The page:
‘First race today, took it pretty easy, finished 14th – feel good.’ Yes, Hamish Haynes is back to start his 10th season in the flatlands. No World Class Performance Plans, no Lottery funding, just hard graft and dedication.
Haynes came late to sport but has been racing and winning in the Flanders since 2003.
In the last decade the 37 year-old Haynes has ridden for the DFL, Cyclingnews, Maestro and Jartazi pro teams, but more recently with solid Belgian amateur and Continental teams such as Yawadoo and Colba-Mercury.
It was with Jartazi that he scored his biggest result — the British Elite road race championship in 2006, out-sprinting Roger Hammond and Geraint Thomas to take the title.
But he’s had big wins on the continent too; take Renningelst, which he won in 2008; it has the likes of Iljo Keisse, Jez Hunt and Erik Dekker on its role of honour.
In 2010 he won the big ‘inter-club’ at Nieuwkerken and grabbed a host of good placings to boot.
For 2011 he was with Belgian Continental team Colba Mercury and won in Buggenhout, not to mention 4th in Ruddervoorde, 5th in Westrozebeke and 6th in the Kampioenschap van het Waasland.
As anyone who knows the sport will tell you, it’s very difficult to win or place highly in Belgian races; rival teams are well organised — and so are the ‘combines,’ where riders work across team boundaries on the basis of finance/friendship/reciprocated favours.
Haynes never moans; he just gets on with it – no matter how low the funds are, or how bad the crash is he always looks to the positive.
He’s the consummate pro.
He spent a few days in Edinburgh with us once, a year or two ago; it was an education…
It was late when Hamish arrived at the door; to get him to his Irish race on time, he had to fly in from Belgium on Tuesday night, spend Wednesday and Thursday with us, and then head off to the Emerald Isle early on Friday.
He was dressed every inch the pro – fleece hat, big anorak, fleece top, Craft polo neck under vest, and track suit bottoms over long johns – just like Sean Kelly; always be cosy, look after those muscles.
It’s just a pity that muesli eating isn’t an Olympic sport; David Brailsford would have him on The Plan in a trice – a week’s worth of the crunchy stuff lasts him one day.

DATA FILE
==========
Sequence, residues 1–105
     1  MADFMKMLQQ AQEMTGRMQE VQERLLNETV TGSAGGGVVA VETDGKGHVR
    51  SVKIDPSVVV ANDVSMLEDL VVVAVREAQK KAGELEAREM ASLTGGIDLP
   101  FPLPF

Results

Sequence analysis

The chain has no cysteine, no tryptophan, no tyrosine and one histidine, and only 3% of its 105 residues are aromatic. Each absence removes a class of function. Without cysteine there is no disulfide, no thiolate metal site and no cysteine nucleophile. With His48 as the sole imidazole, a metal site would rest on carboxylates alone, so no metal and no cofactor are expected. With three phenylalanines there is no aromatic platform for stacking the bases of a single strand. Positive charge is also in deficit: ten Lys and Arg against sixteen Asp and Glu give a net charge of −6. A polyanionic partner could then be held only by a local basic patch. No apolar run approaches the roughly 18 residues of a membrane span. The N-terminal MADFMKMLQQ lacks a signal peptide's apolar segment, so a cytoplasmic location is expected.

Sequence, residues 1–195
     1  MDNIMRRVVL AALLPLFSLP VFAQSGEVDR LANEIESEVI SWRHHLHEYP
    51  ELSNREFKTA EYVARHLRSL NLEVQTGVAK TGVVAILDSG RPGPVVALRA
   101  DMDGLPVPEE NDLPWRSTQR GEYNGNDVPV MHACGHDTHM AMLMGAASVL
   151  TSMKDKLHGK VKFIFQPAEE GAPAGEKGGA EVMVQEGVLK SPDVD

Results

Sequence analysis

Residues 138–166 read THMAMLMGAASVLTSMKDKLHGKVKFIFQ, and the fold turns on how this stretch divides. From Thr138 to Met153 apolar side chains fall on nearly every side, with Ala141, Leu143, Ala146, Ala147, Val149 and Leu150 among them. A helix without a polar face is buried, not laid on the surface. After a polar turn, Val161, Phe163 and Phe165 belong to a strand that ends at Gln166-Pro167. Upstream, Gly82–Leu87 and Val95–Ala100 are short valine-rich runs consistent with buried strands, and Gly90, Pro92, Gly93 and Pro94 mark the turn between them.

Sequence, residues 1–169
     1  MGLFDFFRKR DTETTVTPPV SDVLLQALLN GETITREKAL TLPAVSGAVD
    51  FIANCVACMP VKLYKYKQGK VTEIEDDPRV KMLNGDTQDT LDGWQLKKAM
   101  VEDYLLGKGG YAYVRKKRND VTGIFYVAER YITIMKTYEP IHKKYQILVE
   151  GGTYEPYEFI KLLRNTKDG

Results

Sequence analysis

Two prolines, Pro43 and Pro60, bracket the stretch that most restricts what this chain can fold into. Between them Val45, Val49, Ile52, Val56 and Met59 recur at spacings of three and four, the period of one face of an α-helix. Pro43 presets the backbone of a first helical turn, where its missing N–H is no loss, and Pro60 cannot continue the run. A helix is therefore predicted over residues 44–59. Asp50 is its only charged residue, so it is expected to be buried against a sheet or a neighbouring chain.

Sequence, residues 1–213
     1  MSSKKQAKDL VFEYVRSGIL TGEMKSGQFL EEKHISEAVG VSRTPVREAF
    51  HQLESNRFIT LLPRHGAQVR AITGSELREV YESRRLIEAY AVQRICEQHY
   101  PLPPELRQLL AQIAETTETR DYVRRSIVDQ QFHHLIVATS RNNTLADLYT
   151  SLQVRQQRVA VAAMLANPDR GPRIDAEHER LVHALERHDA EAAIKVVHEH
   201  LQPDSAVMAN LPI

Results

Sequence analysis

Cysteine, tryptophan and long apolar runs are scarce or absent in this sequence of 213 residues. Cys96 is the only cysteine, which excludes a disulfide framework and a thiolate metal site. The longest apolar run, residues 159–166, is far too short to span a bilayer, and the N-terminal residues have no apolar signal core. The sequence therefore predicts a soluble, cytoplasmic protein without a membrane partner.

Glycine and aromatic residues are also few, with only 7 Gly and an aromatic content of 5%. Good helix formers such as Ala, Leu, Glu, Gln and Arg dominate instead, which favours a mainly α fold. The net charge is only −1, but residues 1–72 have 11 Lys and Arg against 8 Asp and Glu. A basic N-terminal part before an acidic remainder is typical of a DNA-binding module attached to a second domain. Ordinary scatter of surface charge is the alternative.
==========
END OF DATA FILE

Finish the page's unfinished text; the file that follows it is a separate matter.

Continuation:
There’s very little fat allowed in the diet – plenty of protein, though.
No tea, coffee, fizzy drinks or alcohol, either.
Hamish was a vegetarian, then a vegan in earlier days, but when he was exposed to the realities of pro team life in Flanders, he realised that starvation was a real possibility and has suspended his vegetarianism until his cycling career ends.
As with all other aspects of his life, nothing is left to chance diet-wise; on Thursday night, before he was heading off to Ireland in the morning, a concoction of couscous, tuna and Branston pickle had to be batched; ‘just in case.’
The Irish guy he shares accommodation with in Belgium had bought Hamish a little box of four Ferrero Rocher for his birthday a month earlier; Hamish made a deal with himself that he would only eat one after a race which he thought he’d performed well in — there was still one in the box.
He does 45 minutes stretching every day; the routine involves a hard foam roller and tennis ball to work deep into the muscles.
His new digs didn’t have TV yet but it wasn’t a problem because it stopped him from getting distracted and gave him more time for said sadomasochistic stretching rituals.
He carries a spray of ‘Vanish’ with him for washing his shorts so as there no possibility of them not coming out of the washing machine in pristine condition.
He did a wash in our machine and stuck in a load of our clothes, so as not waste water.
I remember thinking that if I was starting a pro team and wanted a real pro to mentor the youngsters – I know who I’d be giving a ring.
He did a couple of runs up into East Lothian and the bike was a little dirty – not on Friday morning though, shining like a new pin, and the tyres had been off because he’d ridden through a flood; ‘the water gets into the rims.’